Black steel is inexpensive and plentiful. It’s a great reinforcement to use if you are not responsible for the long-term maintenance of a concrete structure.
As you can see from this photo (green bars are GFRP) black steel essentially has no corrosion resistance, frequently it comes to the job site already rusting. Often even excessively rusted rebar is sold to the end user. Rust has been called concretes cancer; it degrades frequently and ugly rust stains often appear on surfaces of structures reinforced with it.
Structures built with black steel generally need some rehabilitation in as little as 5 to 10 years and frequently need major rehabilitation within 20 years.
No corrosion effect has been detected on GFRP; conservative estimates indicate fiberglass reinforced concrete structures will last longer than 100 years. Properly reinforced GFRP concrete slabs exposed to heavy fatigue loads (like driveways, bridge decks) will have less cracking and are projected to last up to 20 times longer than similar structures reinforced with conventional black steel.
Rusted new rebar versus unrusted GFRP form ties
The prime reason for using GFRP is for concrete longevity. While black steel is inexpensive, it will eventually destroy your concrete. Using dirty oil in your new vehicle makes no sense… nor does it make sense to inject cancer cells into a healthy body. Many governments, municipalities and businesses have concluded that they can no longer afford the short or long term costs associated with black steel. Placing unprotected, rusty rebar in new concrete structures is being questioned and eliminated in many parts of North America.
What does TUF-BAR Fiberglass Rebar (GFRP) cost versus Grade 40 Black Steel Rebar?
– Cost Comparison GFRP to Plain Black Steel October 2009
The largest price variance between GFRP and black steel occurs when you compare the lowest grade black steel to rebar GFRP rebar
Depending on volume, a #3 10 mm plain black steel Grade 40 rebar can be 1/3 the cost of a #3 10mm fiberglass rebar. As the diameter of the bars increase this gap narrows to a point where a #8 22 mm plain black steel bar is only slightly less expensive than #8 22 mm fiberglass rebar.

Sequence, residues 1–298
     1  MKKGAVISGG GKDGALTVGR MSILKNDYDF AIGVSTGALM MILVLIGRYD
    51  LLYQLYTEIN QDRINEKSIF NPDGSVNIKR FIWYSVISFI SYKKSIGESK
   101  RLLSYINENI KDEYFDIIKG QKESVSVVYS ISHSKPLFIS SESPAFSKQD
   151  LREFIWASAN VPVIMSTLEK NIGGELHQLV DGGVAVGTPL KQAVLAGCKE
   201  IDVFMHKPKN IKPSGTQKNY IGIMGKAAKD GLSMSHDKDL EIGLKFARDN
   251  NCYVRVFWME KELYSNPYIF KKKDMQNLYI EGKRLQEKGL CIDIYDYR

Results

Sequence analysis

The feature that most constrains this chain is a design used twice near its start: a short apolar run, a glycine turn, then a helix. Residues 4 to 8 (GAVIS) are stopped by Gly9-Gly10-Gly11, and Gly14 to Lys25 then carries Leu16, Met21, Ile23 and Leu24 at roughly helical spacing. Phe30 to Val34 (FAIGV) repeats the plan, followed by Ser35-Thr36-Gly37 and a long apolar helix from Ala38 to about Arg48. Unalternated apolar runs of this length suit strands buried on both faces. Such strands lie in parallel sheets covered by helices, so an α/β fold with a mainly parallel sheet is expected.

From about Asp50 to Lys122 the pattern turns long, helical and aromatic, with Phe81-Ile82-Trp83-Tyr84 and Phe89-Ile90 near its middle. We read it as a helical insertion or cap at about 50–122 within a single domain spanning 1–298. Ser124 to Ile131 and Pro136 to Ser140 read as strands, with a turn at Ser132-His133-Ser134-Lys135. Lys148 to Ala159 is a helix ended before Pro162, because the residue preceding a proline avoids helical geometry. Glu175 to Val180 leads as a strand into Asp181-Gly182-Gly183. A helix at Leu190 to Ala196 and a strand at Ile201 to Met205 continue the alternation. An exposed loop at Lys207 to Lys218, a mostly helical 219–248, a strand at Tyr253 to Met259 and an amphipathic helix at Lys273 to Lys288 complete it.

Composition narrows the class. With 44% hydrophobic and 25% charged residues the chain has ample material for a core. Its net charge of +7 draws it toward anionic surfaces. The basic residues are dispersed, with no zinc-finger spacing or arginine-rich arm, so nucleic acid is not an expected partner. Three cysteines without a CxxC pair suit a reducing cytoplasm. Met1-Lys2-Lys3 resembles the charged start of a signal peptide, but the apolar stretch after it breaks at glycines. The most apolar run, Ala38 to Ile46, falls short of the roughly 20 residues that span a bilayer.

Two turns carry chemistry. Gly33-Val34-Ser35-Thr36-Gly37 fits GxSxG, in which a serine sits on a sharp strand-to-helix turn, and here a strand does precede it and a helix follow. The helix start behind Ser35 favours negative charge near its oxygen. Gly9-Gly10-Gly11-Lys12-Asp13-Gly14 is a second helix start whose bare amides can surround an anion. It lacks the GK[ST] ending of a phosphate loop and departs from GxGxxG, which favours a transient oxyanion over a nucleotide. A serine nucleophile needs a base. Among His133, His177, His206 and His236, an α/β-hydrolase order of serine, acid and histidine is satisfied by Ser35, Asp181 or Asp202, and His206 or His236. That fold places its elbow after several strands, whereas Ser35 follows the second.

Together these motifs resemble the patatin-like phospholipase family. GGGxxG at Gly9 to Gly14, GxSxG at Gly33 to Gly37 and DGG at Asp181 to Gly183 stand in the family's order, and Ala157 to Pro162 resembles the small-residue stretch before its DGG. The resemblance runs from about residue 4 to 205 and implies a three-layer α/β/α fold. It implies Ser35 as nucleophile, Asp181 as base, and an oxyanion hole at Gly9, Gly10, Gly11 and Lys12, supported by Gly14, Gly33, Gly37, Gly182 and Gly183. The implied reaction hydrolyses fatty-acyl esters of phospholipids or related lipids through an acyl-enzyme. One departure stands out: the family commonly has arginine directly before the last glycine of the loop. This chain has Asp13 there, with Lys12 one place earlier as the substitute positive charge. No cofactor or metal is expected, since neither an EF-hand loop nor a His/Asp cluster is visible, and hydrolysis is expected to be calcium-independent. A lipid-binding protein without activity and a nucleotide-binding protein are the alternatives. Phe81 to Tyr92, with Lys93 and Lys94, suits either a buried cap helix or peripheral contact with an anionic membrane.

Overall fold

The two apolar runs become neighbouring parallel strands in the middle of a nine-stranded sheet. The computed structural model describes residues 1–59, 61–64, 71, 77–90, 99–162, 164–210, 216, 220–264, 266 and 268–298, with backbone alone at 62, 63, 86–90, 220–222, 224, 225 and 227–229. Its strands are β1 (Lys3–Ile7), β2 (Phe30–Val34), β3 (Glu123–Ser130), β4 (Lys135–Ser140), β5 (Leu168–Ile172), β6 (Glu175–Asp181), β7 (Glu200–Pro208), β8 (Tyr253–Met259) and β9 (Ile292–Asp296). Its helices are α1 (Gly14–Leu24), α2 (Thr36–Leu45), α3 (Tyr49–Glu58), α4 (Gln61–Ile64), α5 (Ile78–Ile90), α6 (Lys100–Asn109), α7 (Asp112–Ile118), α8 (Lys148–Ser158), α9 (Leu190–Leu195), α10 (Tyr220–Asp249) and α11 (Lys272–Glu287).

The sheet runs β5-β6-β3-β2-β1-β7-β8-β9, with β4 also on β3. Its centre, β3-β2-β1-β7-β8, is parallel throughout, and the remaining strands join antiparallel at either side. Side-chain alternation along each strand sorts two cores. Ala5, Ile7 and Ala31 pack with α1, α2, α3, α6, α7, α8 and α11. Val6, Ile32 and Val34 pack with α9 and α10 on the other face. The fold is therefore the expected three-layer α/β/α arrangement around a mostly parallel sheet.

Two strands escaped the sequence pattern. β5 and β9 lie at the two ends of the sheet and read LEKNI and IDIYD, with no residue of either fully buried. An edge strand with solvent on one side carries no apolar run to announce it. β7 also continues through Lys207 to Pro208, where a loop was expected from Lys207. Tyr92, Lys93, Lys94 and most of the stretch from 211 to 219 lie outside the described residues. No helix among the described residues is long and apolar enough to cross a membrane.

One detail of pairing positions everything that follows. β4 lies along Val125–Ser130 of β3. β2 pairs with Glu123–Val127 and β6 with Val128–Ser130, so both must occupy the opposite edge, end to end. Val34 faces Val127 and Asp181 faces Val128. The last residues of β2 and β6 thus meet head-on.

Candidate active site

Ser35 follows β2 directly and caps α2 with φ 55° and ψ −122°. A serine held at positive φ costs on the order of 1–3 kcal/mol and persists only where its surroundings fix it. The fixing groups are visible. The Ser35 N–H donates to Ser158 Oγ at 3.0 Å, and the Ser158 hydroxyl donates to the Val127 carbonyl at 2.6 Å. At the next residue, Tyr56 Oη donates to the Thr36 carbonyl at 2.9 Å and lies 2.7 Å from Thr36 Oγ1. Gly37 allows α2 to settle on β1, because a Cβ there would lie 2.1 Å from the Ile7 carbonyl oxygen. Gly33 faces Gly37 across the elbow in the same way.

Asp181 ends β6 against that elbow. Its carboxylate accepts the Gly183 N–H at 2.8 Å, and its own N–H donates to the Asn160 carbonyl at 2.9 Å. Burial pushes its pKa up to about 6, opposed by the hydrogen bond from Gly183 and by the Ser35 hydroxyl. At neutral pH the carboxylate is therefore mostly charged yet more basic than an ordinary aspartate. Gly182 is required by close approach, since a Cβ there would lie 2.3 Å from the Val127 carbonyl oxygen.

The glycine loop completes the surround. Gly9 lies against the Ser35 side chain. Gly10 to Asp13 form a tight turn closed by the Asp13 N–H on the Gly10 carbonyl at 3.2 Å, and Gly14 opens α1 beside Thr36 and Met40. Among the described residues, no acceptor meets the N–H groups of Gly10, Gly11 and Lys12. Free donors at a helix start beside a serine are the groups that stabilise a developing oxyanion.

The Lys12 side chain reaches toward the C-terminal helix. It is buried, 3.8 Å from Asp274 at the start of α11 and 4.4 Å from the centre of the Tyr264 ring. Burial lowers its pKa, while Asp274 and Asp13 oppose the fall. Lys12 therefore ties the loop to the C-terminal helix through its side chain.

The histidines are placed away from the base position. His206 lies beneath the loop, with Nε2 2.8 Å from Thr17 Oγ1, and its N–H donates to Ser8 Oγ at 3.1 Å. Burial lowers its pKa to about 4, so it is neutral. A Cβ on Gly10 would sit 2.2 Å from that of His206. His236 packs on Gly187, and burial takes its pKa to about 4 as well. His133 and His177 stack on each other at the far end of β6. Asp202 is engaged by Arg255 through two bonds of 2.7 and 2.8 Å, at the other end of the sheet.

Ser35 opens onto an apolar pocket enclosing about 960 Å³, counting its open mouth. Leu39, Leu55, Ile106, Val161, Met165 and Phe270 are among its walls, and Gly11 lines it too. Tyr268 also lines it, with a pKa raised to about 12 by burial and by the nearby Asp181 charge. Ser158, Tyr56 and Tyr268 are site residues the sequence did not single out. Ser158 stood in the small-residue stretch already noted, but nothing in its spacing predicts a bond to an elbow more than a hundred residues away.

In some applications less concrete cover and reduced water proofing costs result in lower initial project cost.
What would it cost to build a small structure with GFRP versus Black Steel?
Using a high price for GFRP and very low price for black steel rebar, the cost to build a 20 ft. x 20 ft. garage pad with Black Steel versus GFRP would be as follows:
- Grade 40 Black Steel Concrete deck $4,000-$6,000
- GFRP reinforced concrete deck $4,400-$6,400
Life Cycle Costs
Many life cycle costs studies comparing black steel to GFRP have been completed. The consistently conclude that the cost to protect, preserve and repair black steel in concrete is very high. So high, in fact, that even free black steel rebar still has a higher installed cost than GFRP in some applications.
How can this be?
Consider our garage pad example.
If the owner wanted to extend life of the concrete he has a number of options open and they are expensive:
- More concrete cover going to a thicker slab
- High performance concrete
- Concrete corrosion preventative additives
- Add a protective membrane
Cracking is difficult to control in any structure. The risk of the measures used to protect black steel failing if cracks occur in the concrete is very high. As soon as these measures fail the steel corrosion cycle starts again.
Although proven to extend the life of concrete when intact. Commercial membranes are not usually used in garage pads because of the expense.
If we take the garage pad as an example; a commercial membrane increases the cost of the black steel pad by $600 to $3,300. The pad would now costs from $4,999 to $9,700 depending on labor costs and the quality of the membrane. The black steel reinforced pad will cost $600 to $3,300 more than a GFRP pad to complete.
The membrane cost can exceed the cost of the reinforcement. The structure will still be subject to fatigue cracking over time.
Bridge deck studies simulating heavy traffic over concrete slabs have concluded that properly reinforced GFRP rebar slabs experience:
- Experience 2.5 times less cracking than steel reinforced slabs
- Last 20 times longer than steel reinforced slabs when exposed to heavy fatigue loads
Researchers believe that this is due to the differences in the modulus of elasticity between GFRP and steel. GFRP has a modulus very similar to concrete. Steel’s modulus is many times higher. Steel is less forgiving than GFRP. Damage occurs to concrete as steel bends within the pour.
Fiberglass rebar (GFRP) is a cost effective way to:
- Eliminate fundamental and expensive repair problems created by black steel reinforcement.
- Maintain cosmetically attractive structures over time (less cracking and ugly rust staining) resulting in higher property resale values.
- Reduce concrete cover and corrosion protection measures taken to protect black steel rebar.
- Ensure your structures will last up to 4 times longer eliminating expensive capital expenditures over time.
- Make slabs exposed to cyclic loads last 20 times longer than steel reinforced slabs.
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